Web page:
The way that DBT is delivered can vary between different providers and across different areas. However, there are typically three different types of DBT sessions that you might have and these are likely to be run alongside each other:
Some therapists may offer you an assessment or pre-treatment phase of DBT. This is where the therapist will look at how suitable DBT is for you. You will typically be offered several sessions where you will learn about the DBT model and, if you decide it is the right therapy for you, you will be asked to make a commitment to the treatment. (See our page on who DBT can help for more information.)
Individual therapy typically involves weekly one-to-one sessions with a DBT therapist. Each session lasts approximately 45–60 minutes.
The individuals sessions have a hierarchy of goals, including:
- To help keep you safe – by reducing suicidal and self-harming behaviours.
- To reduce behaviours that interfere with therapy – by addressing any issues that might come in the way of you getting treatment.
- To help you reach your goals and improve your quality of life – by addressing anything that interferes with this, such as other mental health problems like depression or hearing voices, or problems in your personal life such as employment or relationship problems.
- To help you learn new skills to replace unhelpful behaviours and help you achieve your goals.
Your DBT therapist is likely to ask you to fill out diary cards as homework which you can use to monitor your emotions and actions. You will be asked to bring these cards with you to your therapist each week to help you look for behaviour patterns and triggers that occur in your life. You then use this information to decide together what you will work on in each session. You can find some sample diary cards on the DBT self-help website.
I’ve learned that emotions are not the enemy. They are useful and have functions. I still feel emotions intensely, but I can now identify them and know how to manage them without using harmful behaviours.
Skills training in groups
In these sessions DBT therapists will teach you skills in a group setting. This is not group therapy, but more like a series of teaching sessions. There are usually two therapists in a group and the sessions typically occur every week. The room is sometimes arranged like a classroom where your skills trainers will be sat at the front. The aim of these sessions is to teach you skills that you apply to your day-to-day life.
There are typically four skills modules:
- Mindfulness – a set of skills that help you focus your attention and live your life in the present, rather than being distracted by worries about the past or the future. The mindfulness module may be repeated between modules and sessions may often start with a short mindfulness exercise. (See our pages on mindfulness for more information.)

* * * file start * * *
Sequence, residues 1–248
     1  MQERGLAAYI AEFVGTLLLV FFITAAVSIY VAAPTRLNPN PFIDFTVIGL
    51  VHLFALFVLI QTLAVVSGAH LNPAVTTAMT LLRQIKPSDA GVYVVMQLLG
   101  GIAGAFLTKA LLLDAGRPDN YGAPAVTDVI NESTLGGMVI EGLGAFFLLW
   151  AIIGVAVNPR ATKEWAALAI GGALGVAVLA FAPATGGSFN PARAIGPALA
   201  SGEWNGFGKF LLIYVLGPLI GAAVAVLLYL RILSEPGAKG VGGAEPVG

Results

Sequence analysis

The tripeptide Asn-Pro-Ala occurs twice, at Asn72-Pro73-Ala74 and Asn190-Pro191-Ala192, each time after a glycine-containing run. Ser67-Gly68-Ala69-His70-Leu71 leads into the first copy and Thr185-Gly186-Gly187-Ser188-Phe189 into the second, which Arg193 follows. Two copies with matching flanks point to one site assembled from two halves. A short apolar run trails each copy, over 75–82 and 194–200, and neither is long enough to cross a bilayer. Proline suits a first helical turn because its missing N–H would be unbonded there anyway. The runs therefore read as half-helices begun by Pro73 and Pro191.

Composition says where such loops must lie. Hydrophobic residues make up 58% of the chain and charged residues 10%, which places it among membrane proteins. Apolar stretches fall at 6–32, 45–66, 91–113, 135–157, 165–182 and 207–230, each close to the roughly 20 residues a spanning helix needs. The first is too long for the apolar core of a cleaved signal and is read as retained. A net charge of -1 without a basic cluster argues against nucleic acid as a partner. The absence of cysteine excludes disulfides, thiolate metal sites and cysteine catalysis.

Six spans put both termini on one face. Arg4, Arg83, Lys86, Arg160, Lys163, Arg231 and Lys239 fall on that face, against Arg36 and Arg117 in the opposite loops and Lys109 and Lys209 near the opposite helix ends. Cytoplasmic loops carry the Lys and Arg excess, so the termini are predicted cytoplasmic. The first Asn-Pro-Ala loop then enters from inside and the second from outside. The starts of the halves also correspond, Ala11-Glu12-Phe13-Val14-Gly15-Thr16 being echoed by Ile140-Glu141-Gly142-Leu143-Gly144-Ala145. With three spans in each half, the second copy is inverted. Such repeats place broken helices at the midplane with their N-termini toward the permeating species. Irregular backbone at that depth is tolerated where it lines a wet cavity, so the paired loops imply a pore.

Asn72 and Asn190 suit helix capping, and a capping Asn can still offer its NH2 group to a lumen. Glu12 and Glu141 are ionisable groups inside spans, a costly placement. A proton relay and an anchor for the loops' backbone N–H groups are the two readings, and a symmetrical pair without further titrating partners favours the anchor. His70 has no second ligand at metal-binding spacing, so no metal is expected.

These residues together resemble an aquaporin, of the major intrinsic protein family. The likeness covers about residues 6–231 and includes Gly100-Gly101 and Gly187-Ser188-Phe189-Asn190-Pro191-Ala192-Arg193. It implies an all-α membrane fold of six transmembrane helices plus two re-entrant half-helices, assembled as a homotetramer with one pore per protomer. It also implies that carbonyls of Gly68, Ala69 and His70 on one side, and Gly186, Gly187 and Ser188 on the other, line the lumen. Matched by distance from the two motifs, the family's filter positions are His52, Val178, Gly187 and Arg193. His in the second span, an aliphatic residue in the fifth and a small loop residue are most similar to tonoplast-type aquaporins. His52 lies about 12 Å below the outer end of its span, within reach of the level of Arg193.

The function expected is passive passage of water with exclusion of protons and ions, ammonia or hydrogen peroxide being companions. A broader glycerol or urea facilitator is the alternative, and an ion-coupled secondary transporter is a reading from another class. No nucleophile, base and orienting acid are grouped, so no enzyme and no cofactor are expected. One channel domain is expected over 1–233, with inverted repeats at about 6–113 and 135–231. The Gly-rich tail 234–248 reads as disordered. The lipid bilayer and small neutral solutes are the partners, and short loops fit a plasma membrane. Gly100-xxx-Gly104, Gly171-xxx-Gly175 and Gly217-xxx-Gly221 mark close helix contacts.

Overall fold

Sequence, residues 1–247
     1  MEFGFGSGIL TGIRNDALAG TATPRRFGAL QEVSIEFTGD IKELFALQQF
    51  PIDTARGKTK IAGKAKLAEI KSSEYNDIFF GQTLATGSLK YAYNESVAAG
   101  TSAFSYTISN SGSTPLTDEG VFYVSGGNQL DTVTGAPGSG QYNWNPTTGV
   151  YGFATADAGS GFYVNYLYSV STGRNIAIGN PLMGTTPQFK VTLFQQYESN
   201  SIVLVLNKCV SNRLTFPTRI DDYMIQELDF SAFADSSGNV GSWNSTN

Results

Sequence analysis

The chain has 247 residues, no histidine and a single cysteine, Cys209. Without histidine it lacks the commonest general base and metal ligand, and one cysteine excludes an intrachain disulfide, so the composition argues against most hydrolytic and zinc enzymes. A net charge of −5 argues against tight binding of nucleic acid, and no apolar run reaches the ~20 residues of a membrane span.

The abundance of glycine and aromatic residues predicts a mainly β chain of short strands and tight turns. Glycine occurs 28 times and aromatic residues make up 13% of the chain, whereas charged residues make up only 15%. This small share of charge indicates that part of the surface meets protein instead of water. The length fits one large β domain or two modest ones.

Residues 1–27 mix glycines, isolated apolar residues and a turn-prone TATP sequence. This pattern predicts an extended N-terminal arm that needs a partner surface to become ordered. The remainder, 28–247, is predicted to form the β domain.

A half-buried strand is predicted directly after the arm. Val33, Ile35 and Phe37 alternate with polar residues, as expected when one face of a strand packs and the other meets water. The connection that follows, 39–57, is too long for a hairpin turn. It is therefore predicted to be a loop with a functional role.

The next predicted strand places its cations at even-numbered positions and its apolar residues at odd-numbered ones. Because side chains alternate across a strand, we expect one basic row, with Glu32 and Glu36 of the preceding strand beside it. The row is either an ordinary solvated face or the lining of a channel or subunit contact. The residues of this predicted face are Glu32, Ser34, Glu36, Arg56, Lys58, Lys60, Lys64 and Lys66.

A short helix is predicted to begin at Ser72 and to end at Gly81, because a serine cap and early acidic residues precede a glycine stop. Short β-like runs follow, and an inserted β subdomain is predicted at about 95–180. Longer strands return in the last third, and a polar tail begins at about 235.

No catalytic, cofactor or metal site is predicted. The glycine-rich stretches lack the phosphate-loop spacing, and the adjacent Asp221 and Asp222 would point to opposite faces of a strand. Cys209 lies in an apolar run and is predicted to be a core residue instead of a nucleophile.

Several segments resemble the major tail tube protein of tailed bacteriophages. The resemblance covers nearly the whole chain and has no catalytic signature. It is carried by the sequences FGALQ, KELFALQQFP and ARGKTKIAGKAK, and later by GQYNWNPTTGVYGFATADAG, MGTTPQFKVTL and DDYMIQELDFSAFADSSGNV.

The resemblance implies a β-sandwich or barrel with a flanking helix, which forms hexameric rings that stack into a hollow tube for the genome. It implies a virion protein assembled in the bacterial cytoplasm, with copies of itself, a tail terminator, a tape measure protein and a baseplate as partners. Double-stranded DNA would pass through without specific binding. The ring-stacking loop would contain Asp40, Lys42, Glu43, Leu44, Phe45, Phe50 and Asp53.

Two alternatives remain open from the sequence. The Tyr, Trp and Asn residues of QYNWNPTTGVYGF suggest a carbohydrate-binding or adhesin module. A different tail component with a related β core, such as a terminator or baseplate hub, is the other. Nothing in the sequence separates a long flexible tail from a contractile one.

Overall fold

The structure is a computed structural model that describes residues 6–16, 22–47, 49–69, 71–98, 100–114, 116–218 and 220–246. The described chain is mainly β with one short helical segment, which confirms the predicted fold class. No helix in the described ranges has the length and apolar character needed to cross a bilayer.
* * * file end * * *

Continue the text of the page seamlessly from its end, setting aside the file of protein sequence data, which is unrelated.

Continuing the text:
- Distress tolerance – teaching you how you can deal with crises in a more effective way, without having to resort to harmful behaviours such as self-harm.
- Interpersonal effectiveness – teaching you how to ask for things and say no to other people, while maintaining your self-respect and important relationships.
- Emotion regulation – a set of skills you can use to understand, be more aware and have more control over your emotions.
In these group session you may be asked to do group exercises and use role-play. You are also given homework each week to help you practise these skills in your day-to-day life. By completing the homework weekly, you might find that these skills gradually become second nature and you become better at dealing with difficult situations.
I was really nervous about the group aspect of DBT. When I started group I wouldn’t speak or make eye contact, but everyone was supportive and by the end I was much more confident and even taught a skill session to the other group members.
Telephone crisis coaching
DBT often uses telephone crisis coaching to support you in using new skills in your day-to-day life. This means that you can call your therapist between your therapy sessions when you need help the most, such as in the following situations:
- When you need help to deal with an immediate crisis (such as feeling suicidal or the urge to self-harm).
- When you are trying to use DBT skills but want some advice on how to do it.
- If you need to repair your relationship with your therapist.
However, you can expect your therapist to set some clear boundaries. For example, calls are usually brief and the hours that you can call them will be agreed between you and your therapist. They may also agree some other rules with you where, in particular circumstances, you may be asked to wait 24 hours before contacting your therapist.
At first I didn’t think DBT was for me, but I quickly learnt you really do get out of it what you put in, and after a few months I found that although how I felt and a lot of my symptoms did not change, I was managing them all so much better. I could actually get through days without a crisis and without the support of the crisis coaching.
(To find out more about how DBT is delivered you can visit the official DBT website, BehavioralTech.)
This information was published in April 2017. We will revise it in 2020.